A Full-System Approach to Maximise Energy Efficiency of a Wheel Bearing 2020-01-1631
Environmental sustainability is morphing Automotive technical development strategies and driving the evolution of vehicles with a speed and a strength hardly foreseeable a decade ago. The entire vehicle architecture is impacted, and energy efficiency becomes one of the most important parameters to reach goals, which are now not only market demands, but also based on regulatory standards with penalty consequences. Therefore, rolling drag from all bearings in multiple rotating parts of the vehicle needs to be reduced; wheel bearings are among the biggest in size regardless of the powertrain architecture (ICE, Hybrid, BEV) and have a significant impact.
The design of wheel bearings is a complex balance between features influencing durability, robustness, vehicle dynamics, and, of course, energy efficiency. Whereas the driving efficiency and durability have always been main drivers for wheel hub designs, the upcoming development of BEVs, which use large battery packs, has introduced additional needs for compactness and increased carrying capacity. The ability to extend the range of such electric powered vehicles is much more stringent than for ICEs and Hybrids, and, they still require weight and friction reductions.
The keys to an optimum design are:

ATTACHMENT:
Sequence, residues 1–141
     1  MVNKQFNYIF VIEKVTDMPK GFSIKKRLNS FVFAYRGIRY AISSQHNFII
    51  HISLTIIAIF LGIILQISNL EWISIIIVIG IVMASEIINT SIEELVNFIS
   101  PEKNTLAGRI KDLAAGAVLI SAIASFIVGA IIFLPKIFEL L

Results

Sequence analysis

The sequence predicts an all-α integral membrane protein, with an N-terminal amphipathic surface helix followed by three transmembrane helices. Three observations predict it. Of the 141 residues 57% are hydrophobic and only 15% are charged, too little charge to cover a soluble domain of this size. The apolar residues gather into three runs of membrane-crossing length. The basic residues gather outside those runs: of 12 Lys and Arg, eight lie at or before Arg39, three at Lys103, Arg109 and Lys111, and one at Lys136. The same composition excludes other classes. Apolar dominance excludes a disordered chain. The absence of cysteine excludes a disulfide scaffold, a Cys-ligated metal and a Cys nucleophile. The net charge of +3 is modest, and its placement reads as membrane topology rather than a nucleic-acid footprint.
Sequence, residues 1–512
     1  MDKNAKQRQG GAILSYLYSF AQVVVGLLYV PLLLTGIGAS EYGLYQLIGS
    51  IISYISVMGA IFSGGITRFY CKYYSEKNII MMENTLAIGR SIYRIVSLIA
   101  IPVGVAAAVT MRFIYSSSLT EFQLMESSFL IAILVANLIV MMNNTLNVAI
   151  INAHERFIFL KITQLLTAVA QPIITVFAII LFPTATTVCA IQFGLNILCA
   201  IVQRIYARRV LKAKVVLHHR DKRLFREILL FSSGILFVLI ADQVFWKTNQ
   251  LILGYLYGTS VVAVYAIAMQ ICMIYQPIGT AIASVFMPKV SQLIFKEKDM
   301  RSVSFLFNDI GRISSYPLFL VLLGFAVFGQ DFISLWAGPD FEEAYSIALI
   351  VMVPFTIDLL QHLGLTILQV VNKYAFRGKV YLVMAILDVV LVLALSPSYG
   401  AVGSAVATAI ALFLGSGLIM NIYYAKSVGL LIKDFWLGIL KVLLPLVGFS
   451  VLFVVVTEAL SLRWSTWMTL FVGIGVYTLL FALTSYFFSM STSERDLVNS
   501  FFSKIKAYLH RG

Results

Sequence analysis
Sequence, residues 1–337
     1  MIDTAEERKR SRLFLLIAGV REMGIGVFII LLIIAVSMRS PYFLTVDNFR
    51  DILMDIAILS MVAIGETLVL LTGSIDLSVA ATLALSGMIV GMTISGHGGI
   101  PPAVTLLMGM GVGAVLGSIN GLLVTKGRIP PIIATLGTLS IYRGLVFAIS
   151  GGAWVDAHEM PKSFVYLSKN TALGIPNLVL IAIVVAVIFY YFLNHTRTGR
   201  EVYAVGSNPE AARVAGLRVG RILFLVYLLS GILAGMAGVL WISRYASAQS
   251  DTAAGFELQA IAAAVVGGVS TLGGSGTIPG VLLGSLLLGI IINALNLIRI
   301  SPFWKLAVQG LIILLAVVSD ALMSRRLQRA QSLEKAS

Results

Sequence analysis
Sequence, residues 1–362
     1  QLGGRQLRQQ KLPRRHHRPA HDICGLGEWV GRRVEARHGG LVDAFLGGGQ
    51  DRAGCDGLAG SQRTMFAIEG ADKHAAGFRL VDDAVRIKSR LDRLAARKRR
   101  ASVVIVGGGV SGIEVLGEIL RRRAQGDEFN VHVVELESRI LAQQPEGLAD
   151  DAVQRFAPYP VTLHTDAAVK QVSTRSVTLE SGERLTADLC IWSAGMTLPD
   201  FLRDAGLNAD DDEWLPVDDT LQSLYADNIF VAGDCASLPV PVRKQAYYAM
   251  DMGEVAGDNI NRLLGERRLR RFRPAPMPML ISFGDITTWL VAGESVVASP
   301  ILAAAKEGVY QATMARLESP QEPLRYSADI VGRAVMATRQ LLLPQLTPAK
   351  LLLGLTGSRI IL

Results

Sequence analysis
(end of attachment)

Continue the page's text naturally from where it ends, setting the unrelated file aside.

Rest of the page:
1. Ability to optimize setup within the given performance requirements
2. Full system approach: reducing friction from all the single components and functions within a wheel hub unit, including the integration of the wheel bearing into the corner layout
In this paper, an optimization strategy for the bearing design will be described, focusing on design approach, calculation tool development, interaction between parameters, and criteria selection for best configuration versus desired output.
The second part of the paper will focus on rolling surface characteristics and cage design for reduced friction.
The work presented will demonstrate how it is possible, through a full system approach, to achieve a significant decrease in wheel bearing friction without compromising the overall functional requirements, and, finally, to contribute to a lower environmental impact of the vehicle.
Paolo Re, Francesco Lamboglia, Giorgio Missiaggia